With COVID-19 cases waning and the federal government declaring an end to the public health emergency on May 11, ID clinicians feel they finally have room to breathe and reflect on the past three years. Dr. Yun elaborated on the relief that clinicians feel this year: “[We have] a renewed sense of possibility in the future as we emerged from a period of time which was really all-consuming for many of us and very narrowly focused for a lot of people.”
While COVID-19 had strong undertones at this IDWEEK, the research presented went far beyond the pandemic. The “What’s Hot in Clinical ID” session on Wednesday showcased priorities for infectious disease clinicians: respiratory infections, new vaccines and therapeutics, emerging pathogens from climate change, and multidrug resistance. Respiratory infections such as RSV, Group A Streptococcus, and influenza were top of mind following the FDA approval of the first RSV vaccine for adults 60 and older in May. New data released on the first day of IDWEEK for intranasal COVID-19 vaccines show a robust immune response to multiple strains and variants, leading HHS to invest an additional $500 million to advance development of vaccines for HHS’ Project NextGen.
Some of the most widely attended sessions focused on emerging pathogens, many brought by climate change. These include the novel cases of locally-acquired malaria that have not been seen in the U.S. in 20 years as well as skyrocketing vibrio vulnificus cases moving up the Eastern Seaboard. A session on Thursday entitled “Disease X, The Next Pathogen of Pandemic Potential: How to Avoid, Track and Prepare” focused on the specific pathways that increase the incidence of zoonotic disease, a major driver of emerging pathogens. The presentation showed that climate change, wildlife consumption and trade, and limited biosecurity of livestock pushes people closer to vectors, increasing spillover events. In the last 30 years, 75% of novel pathogens have been traced back to wildlife.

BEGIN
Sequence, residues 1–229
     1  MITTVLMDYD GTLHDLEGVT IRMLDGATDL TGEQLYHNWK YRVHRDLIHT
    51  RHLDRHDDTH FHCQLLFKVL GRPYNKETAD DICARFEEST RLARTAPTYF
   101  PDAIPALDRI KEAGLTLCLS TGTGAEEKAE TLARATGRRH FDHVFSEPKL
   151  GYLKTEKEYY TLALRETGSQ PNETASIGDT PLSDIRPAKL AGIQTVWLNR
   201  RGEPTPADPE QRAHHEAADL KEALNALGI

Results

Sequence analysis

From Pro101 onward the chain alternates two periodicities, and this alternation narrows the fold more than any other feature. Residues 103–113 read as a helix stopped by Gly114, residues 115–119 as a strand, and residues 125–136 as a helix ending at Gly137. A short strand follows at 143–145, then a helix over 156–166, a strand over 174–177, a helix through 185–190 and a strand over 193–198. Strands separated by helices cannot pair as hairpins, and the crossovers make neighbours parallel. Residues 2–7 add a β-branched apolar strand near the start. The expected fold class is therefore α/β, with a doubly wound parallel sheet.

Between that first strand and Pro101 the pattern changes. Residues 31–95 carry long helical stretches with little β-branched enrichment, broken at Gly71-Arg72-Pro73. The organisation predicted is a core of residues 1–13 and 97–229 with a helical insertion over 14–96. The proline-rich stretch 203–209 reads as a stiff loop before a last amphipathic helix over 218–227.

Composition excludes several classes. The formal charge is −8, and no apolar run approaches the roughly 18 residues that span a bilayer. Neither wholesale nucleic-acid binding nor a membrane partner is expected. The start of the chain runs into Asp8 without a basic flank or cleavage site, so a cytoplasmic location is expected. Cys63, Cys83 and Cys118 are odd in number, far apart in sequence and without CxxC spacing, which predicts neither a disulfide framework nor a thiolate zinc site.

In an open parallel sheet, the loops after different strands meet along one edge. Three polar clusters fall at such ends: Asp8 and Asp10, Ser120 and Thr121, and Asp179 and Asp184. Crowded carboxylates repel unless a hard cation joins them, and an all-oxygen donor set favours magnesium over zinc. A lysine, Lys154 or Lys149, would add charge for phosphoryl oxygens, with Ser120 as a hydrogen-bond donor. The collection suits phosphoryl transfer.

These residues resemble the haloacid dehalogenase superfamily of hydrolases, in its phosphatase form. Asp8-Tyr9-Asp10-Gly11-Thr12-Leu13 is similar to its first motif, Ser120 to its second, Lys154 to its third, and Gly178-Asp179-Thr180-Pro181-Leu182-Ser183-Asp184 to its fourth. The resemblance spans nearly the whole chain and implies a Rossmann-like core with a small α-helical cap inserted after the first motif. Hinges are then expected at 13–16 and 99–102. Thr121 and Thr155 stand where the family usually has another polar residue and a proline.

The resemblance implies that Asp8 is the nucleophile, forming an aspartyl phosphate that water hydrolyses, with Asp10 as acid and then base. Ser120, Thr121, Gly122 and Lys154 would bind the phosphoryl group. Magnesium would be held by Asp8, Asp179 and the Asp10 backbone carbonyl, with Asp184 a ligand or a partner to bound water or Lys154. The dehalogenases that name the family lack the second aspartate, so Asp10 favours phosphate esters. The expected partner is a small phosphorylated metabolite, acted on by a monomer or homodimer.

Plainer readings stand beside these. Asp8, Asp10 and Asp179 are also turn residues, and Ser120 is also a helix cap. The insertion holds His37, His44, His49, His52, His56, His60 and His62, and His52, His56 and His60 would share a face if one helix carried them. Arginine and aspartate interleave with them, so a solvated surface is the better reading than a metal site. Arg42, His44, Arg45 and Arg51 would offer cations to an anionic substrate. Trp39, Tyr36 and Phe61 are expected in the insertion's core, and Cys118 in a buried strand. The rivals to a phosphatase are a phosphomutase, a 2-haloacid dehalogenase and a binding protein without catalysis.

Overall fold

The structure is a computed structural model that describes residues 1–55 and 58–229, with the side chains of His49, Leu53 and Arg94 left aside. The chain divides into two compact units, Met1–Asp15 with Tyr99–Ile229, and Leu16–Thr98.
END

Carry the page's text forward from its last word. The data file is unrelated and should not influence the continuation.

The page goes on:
Multidrug resistance, a topic of Dr. Yun’s research, has also been accelerated by climate change and a lack of antibiotic stewardship. Struggles still remain with gram-positive bacteria, most notably methicillin-resistant staphylococcus aureus and fungal resistant infections such as candida auris, which has been a hot topic due to its ability to rapidly spread in health care settings. Neisseria gonorrhoeae was highlighted in the “What’s Hot in Clinical ID” lecture, an infection that is “harder to track than some of these other ones because patients are in the community and not presenting for care,” Dr. Yun said.
Dr. Yun is appreciative of the supportive culture surrounding infectious disease clinicians. “This community of people is just incredible, wonderful, patient-centered advocates, interesting [and] humble,” Dr. Yun said. “It's wonderful to be able to serve in a support role like this where we can put together a feast all year long, a beautifully curated feast, and then just watch people show up and enjoy this meal. It's a great privilege to be a part of it.”
Illustration by Jennifer Bogartz